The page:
Have you heard of Square, GoPayment, or PayPal Here? If you own a business or you are looking to pursue an entrepreneurial venture then these three software applications could greatly benefit you and your customers. The idea of all of these applications is to allow you to process credit transactions on your smart phone or iPad. The main benefit of being able to take credit on a mobile device is the portability and convenience. Accepting credit is practically expected in today’s world. Most shoppers prefer to carry less cash and may turn down a buying opportunity if they cannot charge it. If you own a small business or provide a service that does not have a brick and mortar location, then you really need some way to accept credit just like a storefront would. Square, GoPayment, and Paypal Here provide less hassle for you too. Taking credit is quick, easy, and you could carry less cash. There are a few drawbacks to mobile credit, but they do not seem to outweigh the positives. One main issue could be security breaches and technical issues. Using your mobile phone or iPad to transfer credit card information could potentially be an unsecure network. You should also keep in mind that your phone could die or stop working. Luckily, these applications are an additional advantage to your business if you do not already accept credit on-the-go, so it should not hurt you too much if there are minor technical issues. There is also an extra charge to accepting credit, but this is applicable whether you accept credit on a mobile device or in your store with a credit card terminal. The tradeoff between prices of each application is very similar. Each one charges a percentage of sale, or with Square and GoPayment you can pay a flat rate each month, but that will only benefit you if you are bringing in a large amount of money. Square and GoPayment both charge 2.75% on each sale, and PayPal charges 2.7%. In conclusion, these three applications are worth looking into depending on what your business needs are. Technology is constantly on the rise so make sure you are keeping up with the trends.
Could Mobile Transactions be Right for You?
New Advisor: Rhianna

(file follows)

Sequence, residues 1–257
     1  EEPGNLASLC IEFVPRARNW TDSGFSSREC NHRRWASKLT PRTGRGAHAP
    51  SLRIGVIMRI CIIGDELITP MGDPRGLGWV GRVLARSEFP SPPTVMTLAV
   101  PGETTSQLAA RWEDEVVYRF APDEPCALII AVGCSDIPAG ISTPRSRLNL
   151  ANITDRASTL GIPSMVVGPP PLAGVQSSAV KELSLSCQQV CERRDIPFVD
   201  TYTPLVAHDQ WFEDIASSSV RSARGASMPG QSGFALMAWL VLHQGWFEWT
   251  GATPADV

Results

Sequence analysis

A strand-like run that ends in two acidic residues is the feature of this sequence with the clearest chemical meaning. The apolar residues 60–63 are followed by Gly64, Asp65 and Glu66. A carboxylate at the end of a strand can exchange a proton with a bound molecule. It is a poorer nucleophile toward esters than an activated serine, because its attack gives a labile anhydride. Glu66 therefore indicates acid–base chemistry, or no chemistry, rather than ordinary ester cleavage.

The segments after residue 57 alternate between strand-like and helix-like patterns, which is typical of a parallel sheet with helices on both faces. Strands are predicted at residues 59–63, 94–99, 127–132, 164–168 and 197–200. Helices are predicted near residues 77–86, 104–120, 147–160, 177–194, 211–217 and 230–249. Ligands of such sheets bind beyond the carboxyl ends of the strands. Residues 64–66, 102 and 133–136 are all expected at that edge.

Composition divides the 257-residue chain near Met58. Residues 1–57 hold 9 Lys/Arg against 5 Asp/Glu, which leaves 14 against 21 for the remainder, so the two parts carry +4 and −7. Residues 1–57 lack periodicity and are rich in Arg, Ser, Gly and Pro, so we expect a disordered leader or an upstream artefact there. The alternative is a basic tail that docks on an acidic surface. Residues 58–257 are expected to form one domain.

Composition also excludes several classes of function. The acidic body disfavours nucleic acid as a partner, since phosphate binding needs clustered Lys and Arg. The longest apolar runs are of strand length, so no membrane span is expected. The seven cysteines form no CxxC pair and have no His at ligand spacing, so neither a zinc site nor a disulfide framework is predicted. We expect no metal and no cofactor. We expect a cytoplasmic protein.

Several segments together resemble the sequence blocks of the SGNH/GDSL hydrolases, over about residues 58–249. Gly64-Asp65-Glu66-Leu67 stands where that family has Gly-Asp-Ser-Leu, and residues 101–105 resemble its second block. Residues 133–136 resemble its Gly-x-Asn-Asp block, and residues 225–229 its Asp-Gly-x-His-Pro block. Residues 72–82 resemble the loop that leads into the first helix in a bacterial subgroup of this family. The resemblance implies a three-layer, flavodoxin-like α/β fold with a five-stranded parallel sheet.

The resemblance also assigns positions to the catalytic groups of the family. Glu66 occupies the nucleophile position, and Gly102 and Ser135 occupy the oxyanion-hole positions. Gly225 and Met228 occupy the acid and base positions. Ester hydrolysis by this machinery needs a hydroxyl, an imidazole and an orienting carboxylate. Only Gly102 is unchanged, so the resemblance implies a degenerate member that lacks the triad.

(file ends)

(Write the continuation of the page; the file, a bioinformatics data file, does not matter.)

Rhianna Witt is the new intern for the Community Economic Development Center. She currently is a junior Management major and Entrepreneurship minor. She transferred from the University of Dayton in the fall of 2012 and quickly found her niche here at Ohio Northern. In the Dicke College of Business Administration she is involved in the Peer Mentorship program and the Society for Advancement of Management. The Peer Mentorship program allows her to enhance her communication and counseling skills where she, along with other mentors, support freshmen through their first year to ensure that they efficiently adjust to college life. In the fall of 2013 Rhianna will be the secretary for the Society for Advancement of Management where she will be able to use her detail-oriented skills and continue to develop her knowledge in management. Outside of school Rhianna enjoys baking, pursuing her love of photography, and spending time with her family and pets. She has always had a desire for entrepreneurship and is eager to start helping others cultivate their dreams as well. If you are seeking small business counseling, feel free to contact Rhianna at firstname.lastname@example.org.
Human Resources for Small Business
Pricing Your Product or Service
Author: Megan Siwik
After attending the Entrepreneurship Workshop, in Dicke Hall on February 26, 2013, I learned a great deal on how to price your product or service in order to be successful. Dan Fox, an alumnus of ONU, spoke on how price conveys image, perceived value, beating the competitor’s price, pricing to make a profit, understanding your customer and the four Ps of the marketing mix.
First, you have to understand that price plays a huge part in the perceived quality and value of a product/service. Many will pay a higher price for more value. An example of this would be the high price some will pay for a Bentley because they know for a fact that it is quality, prestigious and unique. A common mistake many small businesses will make is not recognizing the extra value and other benefits they offer to the consumer and they price their products too low.
Second, you have to take into consideration your competitors pricing and realize that the world is very competitive. Consumers are always comparing products/services to look for the best price or quality. The key is to differentiate your product/service so that customers are willing to choose you over your competition. Don’t be afraid to look into your competitors pricing and what they have to offer their consumers.